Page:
Photo: Corbis
International conferences are one of three cornerstones of the FUT programme. Their purpose is to facilitate the sharing of knowledge and experience between researchers and practitioners. The sharing goes both ways: researchers have as much to learn from practitioners as practitioners from researchers.
Henrik Nolmark
“To get practitioners to listen to what researchers have to say is frequently easier than vice versa. That is because the questions and problems that practitioners formulate almost never fit within one research discipline,” says Måns Lönnroth, a member of the VREF Board of Directors.
How to best transfer knowledge between researchers within the program and between researchers and practitioners is a central question for FUT. From the outset, the VREF Board of Directors and Scientific Council clearly understood the need for a forum where all stakeholders can meet. The FUT conferences fulfill several needs.

Gather actors
They provide a way to market the FUT programme and its results. In addition, they tie together the research at the different Centres. “The conferences are intended to provide a meeting place for the different research groups, where they can exchange knowledge and experience. The conferences also provide a way for us to gain access to the researchers’ results and ideas. In addition, the conferences provide a forum, where we can gather actors that see urban transportation from different perspectives. They can include strategic, theoretical or more practical goals and visions,” says Bengt Kasemo, chairman of VREF’s Scientific Council.

Broad participation is important
Through the conferences, VREF wants to bring about cross fertilization, where the Centres share experience and results that can be useful for each other. In that way, FUT conferences are a tool for achieving synergistic effects between the Centres. “Conferences provide a way to clarify and transfer knowledge and identify new issues and directions. That is why we work with methods for optimizing the transfer of knowledge,” says Bengt Kasemo.

Every conference has had a theme, such as How to deal with complexity or Dynamics of urban transport development – what is generic and what is specific? Conference participants include – in addition to FUT researchers – a range of enduser groups: politicians and other decision makers, business people, city and traffic planners, employees of various types of management and stakeholder organizations, etc. Broad participation is prerequisite to arriving at reasonable and viable solutions that lead to sustainable urban transportation.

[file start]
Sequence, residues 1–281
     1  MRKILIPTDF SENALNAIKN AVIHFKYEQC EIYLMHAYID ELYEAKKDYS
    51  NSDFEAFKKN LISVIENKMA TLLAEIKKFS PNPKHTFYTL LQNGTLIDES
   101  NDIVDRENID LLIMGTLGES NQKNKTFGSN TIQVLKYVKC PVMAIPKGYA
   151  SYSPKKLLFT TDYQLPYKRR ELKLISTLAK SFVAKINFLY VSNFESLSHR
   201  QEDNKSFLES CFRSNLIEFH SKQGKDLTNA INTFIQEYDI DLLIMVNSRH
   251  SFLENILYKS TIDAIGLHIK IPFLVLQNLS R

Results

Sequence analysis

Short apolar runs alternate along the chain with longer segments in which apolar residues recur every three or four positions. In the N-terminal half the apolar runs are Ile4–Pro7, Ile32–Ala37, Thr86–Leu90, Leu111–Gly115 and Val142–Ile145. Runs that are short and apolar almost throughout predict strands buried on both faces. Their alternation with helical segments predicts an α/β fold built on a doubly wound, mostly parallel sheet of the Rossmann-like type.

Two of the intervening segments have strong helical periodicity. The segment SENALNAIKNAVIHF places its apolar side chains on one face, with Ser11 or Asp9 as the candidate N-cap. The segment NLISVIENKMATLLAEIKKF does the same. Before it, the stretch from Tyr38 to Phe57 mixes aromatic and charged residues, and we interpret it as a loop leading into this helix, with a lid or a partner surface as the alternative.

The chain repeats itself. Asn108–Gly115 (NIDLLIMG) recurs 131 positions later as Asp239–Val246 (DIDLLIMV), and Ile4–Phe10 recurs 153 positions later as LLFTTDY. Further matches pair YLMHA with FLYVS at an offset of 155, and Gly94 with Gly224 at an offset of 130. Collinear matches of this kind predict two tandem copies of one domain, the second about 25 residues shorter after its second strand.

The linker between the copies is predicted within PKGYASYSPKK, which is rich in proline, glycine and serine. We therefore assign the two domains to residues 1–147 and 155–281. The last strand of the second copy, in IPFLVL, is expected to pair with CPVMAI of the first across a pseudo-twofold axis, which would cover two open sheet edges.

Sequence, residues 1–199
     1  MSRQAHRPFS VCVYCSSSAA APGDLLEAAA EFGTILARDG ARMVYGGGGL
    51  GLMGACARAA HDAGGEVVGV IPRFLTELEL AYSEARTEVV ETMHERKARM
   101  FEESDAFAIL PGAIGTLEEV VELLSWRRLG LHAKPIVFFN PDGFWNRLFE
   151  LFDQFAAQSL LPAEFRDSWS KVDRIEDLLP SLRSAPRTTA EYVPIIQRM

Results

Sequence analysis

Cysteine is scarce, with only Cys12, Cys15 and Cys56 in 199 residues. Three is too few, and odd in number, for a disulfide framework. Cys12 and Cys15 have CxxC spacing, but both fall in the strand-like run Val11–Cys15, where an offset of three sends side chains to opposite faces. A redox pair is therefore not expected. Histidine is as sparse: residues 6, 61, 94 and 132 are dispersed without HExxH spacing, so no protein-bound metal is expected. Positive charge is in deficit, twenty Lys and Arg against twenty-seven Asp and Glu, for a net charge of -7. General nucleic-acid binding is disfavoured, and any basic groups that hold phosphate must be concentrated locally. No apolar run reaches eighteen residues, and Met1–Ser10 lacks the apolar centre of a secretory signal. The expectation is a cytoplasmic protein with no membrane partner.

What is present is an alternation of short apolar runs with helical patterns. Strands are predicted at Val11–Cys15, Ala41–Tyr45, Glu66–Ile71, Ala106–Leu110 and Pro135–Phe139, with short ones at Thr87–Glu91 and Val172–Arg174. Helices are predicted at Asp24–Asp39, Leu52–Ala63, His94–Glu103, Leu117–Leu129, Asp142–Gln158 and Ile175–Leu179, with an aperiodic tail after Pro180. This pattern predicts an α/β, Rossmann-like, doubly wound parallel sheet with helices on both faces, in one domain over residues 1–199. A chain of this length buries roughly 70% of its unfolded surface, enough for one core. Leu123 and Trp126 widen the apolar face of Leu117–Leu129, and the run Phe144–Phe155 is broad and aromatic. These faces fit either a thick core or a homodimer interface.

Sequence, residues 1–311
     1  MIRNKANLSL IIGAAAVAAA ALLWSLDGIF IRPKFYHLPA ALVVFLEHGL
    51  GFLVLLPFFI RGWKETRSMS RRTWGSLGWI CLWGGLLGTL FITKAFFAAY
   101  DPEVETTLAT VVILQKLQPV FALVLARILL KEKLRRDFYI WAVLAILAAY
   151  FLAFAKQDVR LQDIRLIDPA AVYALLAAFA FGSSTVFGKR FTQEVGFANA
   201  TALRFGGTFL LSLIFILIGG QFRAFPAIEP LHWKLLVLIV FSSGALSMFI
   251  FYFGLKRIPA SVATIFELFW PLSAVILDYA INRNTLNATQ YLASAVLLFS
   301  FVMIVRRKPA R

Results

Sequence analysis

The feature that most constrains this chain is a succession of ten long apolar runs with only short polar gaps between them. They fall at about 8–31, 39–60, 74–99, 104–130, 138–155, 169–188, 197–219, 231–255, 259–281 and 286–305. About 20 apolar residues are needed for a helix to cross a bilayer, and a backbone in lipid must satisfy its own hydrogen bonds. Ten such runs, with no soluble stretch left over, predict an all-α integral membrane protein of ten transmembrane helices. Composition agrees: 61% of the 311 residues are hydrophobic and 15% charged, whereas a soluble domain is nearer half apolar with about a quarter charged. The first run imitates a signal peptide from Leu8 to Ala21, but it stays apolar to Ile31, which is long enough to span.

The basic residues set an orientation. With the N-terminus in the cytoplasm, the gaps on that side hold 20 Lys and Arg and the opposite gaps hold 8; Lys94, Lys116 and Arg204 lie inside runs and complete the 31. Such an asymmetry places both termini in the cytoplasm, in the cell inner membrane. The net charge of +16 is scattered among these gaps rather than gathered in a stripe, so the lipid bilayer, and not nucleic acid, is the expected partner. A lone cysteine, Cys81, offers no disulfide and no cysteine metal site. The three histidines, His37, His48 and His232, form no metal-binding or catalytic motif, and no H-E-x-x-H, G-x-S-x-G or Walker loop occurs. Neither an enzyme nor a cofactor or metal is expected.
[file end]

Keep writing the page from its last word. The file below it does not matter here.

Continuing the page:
A central issue
“The transfer of knowledge between researchers and the intended users of research results, and between the different Centres, is a central issue that we are currently working with a lot. Our recent FUT conference focused to a large extent on just that question,” says Bengt Kasemo. Knowledge transfer is not only about how intended end-users can gain access to research results. Involving practitioners – politicians, city and traffic planners, and others – in the process of formulating the research questions is even more important. That is necessary to ensure that the researchers focus on relevant questions.

Identifying barriers
The conferences are intended to provide participants with an opportunity to analyze and discuss different needs and opportunities to influence future development toward sustainable urban transportation systems. But they are also useful for identifying both the barriers that stand in the way and the factors that are favorable for that type of development. How practitioners find out about researchers’ results and how researchers listen to practitioners’ needs – and translate them into research questions – are central issues for VREF. For that reason, the form and design of FUT conferences and meetings are continually evaluated and changed.

Changed perspective
The very first FUT conference was a pure research conference. Since then, the perspective has gradually changed, toward creating meetings between researchers and practitioners, which is not always that simple. “To get practitioners to listen to what researchers have to say is frequently easier than vice versa. That is because the questions and problems that practitioners formulate almost never fit within one research discipline,” says Måns Lönnroth, a member of the VREF Board of Directors.

Focus on practitioners
The fourth conference – held in April 2009 – had an even stronger focus on practitioners. How practitioners learn from researchers and how research results are translated into practice are processes that VREF will continue to think about, as well as how the conferences will be designed in the future. “But the need for different meetings between the Centres’ researchers and between researchers and practitioners is still central. How to implement them in the best way is a question that we continually evaluate and develop,” says Måns Lönnroth.

FUT Conferences
FUT Conferences are organised by VREF every 3rd year. Four conferences have been held since the launch of the FUT programme. In October 2012, a symposium will be held:

No ongoing call.

The earlier call dated 131221, Financing Urban Access, Research Director, is now closed for application and the review process is ongoing. 


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